April 14, 2006
Only two weeks ago, the Red was sitting atop the Ivy League, undefeated and ranked No. 2 in the country. But heading into tomorrow’s game against Dartmouth (4-5, 0-1 Ivy), a team that has proved itself a worthy opponent in recent years, the No. 5 Red (7-2, 2-1) is looking for a win under very different circumstances.
A loss to No. 16 Penn on April 1 and a home loss to No. 12 Syracuse on Tuesday, sandwiching a win over Harvard last Saturday, has dropped Cornell into a tie for second place in the Ivy League.
“Penn was a game we certainly would like to have back, but we didn’t play well enough to win. Syracuse was a very good opponent that made more plays down the stretch,” head coach Jeff Tambroni said. “This has traditionally been a difficult week for us, because you play Harvard on the road, you play Syracuse – which is always an extremely emotional game, win or lose – and then you really have to reinvest your emotion, and reset your sights on a very good Ivy League opponent in Dartmouth.”
The last time Cornell and Dartmouth met, both teams played heart-stopping lacrosse in a game that wasn’t decided until the final minutes. After taking an early 4-0 lead in the second quarter, the Red allowed the Green to go on a 5-1 run and tie the game. But, Cornell managed to pull out the win, 8-7, holding off a late Dartmouth comeback.
“Last year I feel like we stole one from Dartmouth in a lot of ways. They played with a lot more energy, a lot more heart. We were very lucky
April 14, 2006
Erin Dauchy ’08 has a lot to look forward to over the next few weeks. Her first scientific paper will be published in the May volume of the Journal of the American Association for Laboratory Animal Science.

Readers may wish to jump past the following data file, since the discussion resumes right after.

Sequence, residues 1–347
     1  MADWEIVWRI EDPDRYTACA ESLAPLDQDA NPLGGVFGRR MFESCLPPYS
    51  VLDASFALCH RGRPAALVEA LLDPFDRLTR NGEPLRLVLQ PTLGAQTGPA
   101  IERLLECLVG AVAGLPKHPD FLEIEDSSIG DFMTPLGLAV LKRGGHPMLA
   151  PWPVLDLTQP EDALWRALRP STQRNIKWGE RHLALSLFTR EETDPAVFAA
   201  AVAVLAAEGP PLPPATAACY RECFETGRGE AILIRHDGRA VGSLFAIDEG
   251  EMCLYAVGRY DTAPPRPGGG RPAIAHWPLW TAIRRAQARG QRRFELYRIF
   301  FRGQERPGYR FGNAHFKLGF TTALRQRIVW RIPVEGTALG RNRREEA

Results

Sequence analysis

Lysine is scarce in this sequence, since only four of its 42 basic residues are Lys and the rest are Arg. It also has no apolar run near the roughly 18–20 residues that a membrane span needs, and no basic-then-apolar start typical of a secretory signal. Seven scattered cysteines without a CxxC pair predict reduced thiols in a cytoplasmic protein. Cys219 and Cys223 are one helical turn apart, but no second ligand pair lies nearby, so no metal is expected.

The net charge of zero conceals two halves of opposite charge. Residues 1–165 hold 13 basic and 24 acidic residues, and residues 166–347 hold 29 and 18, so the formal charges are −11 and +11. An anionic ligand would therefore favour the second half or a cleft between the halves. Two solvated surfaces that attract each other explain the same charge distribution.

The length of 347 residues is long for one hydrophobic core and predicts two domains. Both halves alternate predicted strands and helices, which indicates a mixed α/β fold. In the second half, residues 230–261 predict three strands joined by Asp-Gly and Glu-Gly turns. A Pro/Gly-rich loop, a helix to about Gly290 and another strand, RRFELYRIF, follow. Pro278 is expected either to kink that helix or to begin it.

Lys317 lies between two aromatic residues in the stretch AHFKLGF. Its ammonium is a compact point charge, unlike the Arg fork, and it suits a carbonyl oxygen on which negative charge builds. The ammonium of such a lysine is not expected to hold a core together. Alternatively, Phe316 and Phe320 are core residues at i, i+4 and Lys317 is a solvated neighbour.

“This work is her first first-author publication, even though she’s had a number of publications under her belt,” said Robert T. Dauchy, Erin’s father and the manager of the Bassett Research Institute laboratory in Cooperstown, N.Y. where she conducted her research. “This is a project we’ve been working on for the past two years or so that she’s kind of spearheaded.”
“She has basically become a member of our research group and she works for us whenever she can,” said David E. Blask Ph.D., M.D., the Senior Research Scientist at the Institute.
Dauchy has done a lot of work involving breast cancer tumors, and has been involved in the research behind six papers, and about 10 abstracts.
The paper on which she is first authoring deals with a new method for perfusing tumors.
About 30 years ago, Robert and colleagues invented a procedure which allowed them to grow tumors in rats. Each of these tumors had a single artery and vein running to it, which allowed for it to be isolated.
Through the perfusion method he developed, it is possible to take blood from donor rats and ensure that the donor blood is the only blood supply reaching the tumor. Various agents can also be added to the donor blood to see if they have an effect on the tumors, Robert said.